David Gill has been selling the work of contemporary artists and designers since 1987, most recently at his eponymous gallery on King Street, in London’s St. James’s district. There, across the street from Christie’s (his onetime employer), Gill has emerged as a key player in the blurring of art and design, showcasing works by such talents as Mattia Bonetti, whose tables and chairs have been described as “Versailles on acid,” and the late Zaha Hadid, who used sculptural forms to create furniture of quiet beauty.
His new book, David Gill: Designing Art (Vendome Press), chronicles not just his role as a catalyst and dealer but also his life with interior designer Francis Sultana. The couple’s houses serve as object lessons (pun intended) in how to live with works that are often so complex that they seem to require undivided attention. But Gill and Sultana are masters of juxtaposition, finding commonalities in radically different pieces and thus avoiding clashes of the design titans.
Born in Zaragoza, Spain, Gill — who will be celebrating the book’s release with a talk with design historian Daniella Ohad at New York’s Cooper-Hewitt museum this Wednesday, November 7, prior to his gallery’s showing at the Salon Art + Design fair at the Park Avenue Armory — found his decorative arts calling early. During a gap year in Paris, he made his first significant purchase: a chair designed for Carlos de Beistegui by Emilio Terry (respectively, an eccentric Spanish-French art collector/decorator and the French architect/designer/artist who dreamed up the whimsical “Louis XVII” style). Gill took a particular interest in Art Deco, finding pieces, he writes, by “almost forgotten designers” like Gilbert Poillerat and Eugene Printz.
Moving to London, Gill studied 17th-century baroque art, then went to work for Christie’s. The experience, he tells journalist Meredith Etherington-Smith in the book’s introduction, “opened my eyes more and more to the twentieth century. I wasn’t an expert — I was more of an administrator — but I listened and, most importantly, I learnt.”
In 1987, he opened his first gallery, on Fulham Road, showing work by Henri Matisse and Alberto Giacometti and Diego Giacometti, as well as furniture by Le Corbusier, Ludwig Mies van der Rohe and Frank Lloyd Wright, the 20th century’s three most influential architects. He evinced a predilection for extremes, displaying both the best of minimalism (matte aluminum furniture by Donald Judd) and hyper-maximalism (the “barbarian” baroque extravaganzas of Bonetti and his then-partner Elizabeth Garouste). In 1999, Gill moved to Vauxhall, where he turned a former handbag factory into an exhibition space, with living quarters on the mezzanine. In that new location, he helped Bonetti (now on his own) explore new fabrication methods. For one chest of drawers, “we had to find metal an eighth of a millimeter thick, which was almost impossible,” Gill recalls, adding that for a cabinet, he “sourced twenty-five thousand cylinders, all of which were then hand polished.”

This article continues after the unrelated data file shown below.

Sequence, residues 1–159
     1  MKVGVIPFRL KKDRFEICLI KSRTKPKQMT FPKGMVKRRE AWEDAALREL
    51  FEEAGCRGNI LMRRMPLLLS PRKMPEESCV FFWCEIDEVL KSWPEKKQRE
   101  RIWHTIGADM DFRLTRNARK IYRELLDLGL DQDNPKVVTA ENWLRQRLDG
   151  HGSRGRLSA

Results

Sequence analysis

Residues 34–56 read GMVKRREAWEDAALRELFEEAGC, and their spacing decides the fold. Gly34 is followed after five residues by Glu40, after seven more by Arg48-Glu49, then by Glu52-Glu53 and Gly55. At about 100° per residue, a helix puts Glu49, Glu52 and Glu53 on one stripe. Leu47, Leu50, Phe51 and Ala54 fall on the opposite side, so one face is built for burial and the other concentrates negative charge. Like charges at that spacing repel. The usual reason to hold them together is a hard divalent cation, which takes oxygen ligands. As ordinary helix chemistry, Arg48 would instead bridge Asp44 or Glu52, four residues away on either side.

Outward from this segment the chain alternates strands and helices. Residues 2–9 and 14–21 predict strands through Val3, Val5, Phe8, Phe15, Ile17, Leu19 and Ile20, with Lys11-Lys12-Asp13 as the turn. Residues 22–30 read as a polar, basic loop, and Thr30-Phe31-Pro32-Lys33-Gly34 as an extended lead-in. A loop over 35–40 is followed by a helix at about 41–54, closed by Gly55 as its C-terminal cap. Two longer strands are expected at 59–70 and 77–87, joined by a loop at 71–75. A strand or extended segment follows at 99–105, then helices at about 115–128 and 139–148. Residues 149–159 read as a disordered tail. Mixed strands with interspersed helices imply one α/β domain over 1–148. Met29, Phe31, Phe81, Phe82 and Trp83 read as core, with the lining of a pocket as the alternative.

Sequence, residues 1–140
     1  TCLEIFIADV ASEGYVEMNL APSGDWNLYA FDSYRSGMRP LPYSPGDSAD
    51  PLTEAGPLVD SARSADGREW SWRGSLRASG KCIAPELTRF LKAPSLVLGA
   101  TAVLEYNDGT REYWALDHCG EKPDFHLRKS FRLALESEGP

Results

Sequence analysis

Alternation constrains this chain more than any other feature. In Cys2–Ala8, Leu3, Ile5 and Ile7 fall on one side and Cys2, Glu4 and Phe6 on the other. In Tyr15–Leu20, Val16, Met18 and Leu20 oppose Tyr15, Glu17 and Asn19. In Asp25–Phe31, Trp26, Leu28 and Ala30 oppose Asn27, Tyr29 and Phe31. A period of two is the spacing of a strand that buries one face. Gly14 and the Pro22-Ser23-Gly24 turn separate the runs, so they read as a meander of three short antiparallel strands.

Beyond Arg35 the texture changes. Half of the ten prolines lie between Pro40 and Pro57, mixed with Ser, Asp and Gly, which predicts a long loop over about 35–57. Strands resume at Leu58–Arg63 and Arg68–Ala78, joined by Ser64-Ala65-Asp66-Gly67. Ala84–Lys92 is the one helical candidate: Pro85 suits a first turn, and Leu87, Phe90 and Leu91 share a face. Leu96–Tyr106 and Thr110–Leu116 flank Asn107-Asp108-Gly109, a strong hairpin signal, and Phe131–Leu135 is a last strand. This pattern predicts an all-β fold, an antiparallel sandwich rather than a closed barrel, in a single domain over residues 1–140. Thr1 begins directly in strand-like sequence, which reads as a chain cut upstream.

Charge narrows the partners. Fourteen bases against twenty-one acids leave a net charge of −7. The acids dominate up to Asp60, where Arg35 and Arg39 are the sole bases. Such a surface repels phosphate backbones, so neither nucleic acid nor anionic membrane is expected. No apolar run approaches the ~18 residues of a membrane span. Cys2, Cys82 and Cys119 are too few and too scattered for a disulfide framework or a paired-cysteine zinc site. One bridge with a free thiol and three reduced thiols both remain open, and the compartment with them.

In 2012, he opened the St. James’s gallery. There, Gill increasingly turned from curating to facilitating new work. He made a splash with a show introducing Hadid’s Liquid Glacial range — acrylic pieces whose parts intersect in vortex-like forms. “The tabletops don’t appear to be flat, and you almost feel the water flowing down the legs,” Gill told an interviewer shortly after the architect’s 2016 death, describing Hadid’s technique as “just so magical.” Other shows included “Meretricious,” devoted to the work of Cuban-born artist Jorge Pardo and featuring his collection of 12 oval wall mirrors framed by images of such critics as Hal Foster, Hans-Ulrich Obrist and Clement Greenberg; and “Mysterium,” featuring Michele Oka Doner’s bronze sculptures inspired by natural forms.
Gill’s London home is in the Albany, an 18th-century Piccadilly mansion that was converted to apartments in 1802 and whose residents have ranged from Lord Byron to Aldous Huxley to Norman Foster to David Hicks, whose apartment has recently been redone by his son, Ashley Hicks. The top-floor space Gill and Sultana share was previously owned by the American artist and magazine publisher Fleur Cowles. Gill kept most of the walls white, as a neutral backdrop for a collection of artworks that are anything but self-effacing. A Barnaby Barford ceramic depicting a car crash is called Shit! Now I’m Going To Be Really Late. Pieces by Christopher Wool, Paul McCarthy and Richard Prince are equally challenging. It may be hard to imagine furniture as distinctive as that kind of art, but Gill has found it in the work of Bonetti and others.
The couple’s vacation home is an 18th-century stone castle, Palazzo de Torres, in Valletta, Malta. Gill and Sultana (who is Maltese) tried to preserve the original architecture but couldn’t help embellishing a bit. In the salon, ceiling beams were given a striped pattern by the artist Daniel Buren. In the stair hall, an Olafur Eliasson fixture illuminates a cherry-red McCarthy sculpture of Michael Jackson. Tables and chairs by Bonetti bring a dose of surrealism to many of the rooms. There are also pieces with compelling shapes but upholstered in (relatively) sedate fabrics, many of them by Sultana.
Back at his London gallery, Gill continues to innovate. This month brings two exhibitions of work that couldn’t be more different: the angular metal tables and chairs of Maria Pergay and Lena Peters’s “cute” ceramic pieces. The latter, created during the residency Gill offered Peters upon her graduation last year from Central Saint Martins, are devotional objects that meld pagan animal worship with Christian iconography. Collectors are compelled “by the entirely convincing backstory behind each piece,” says Gill, who has, of course, already found room for some of those pieces at home.
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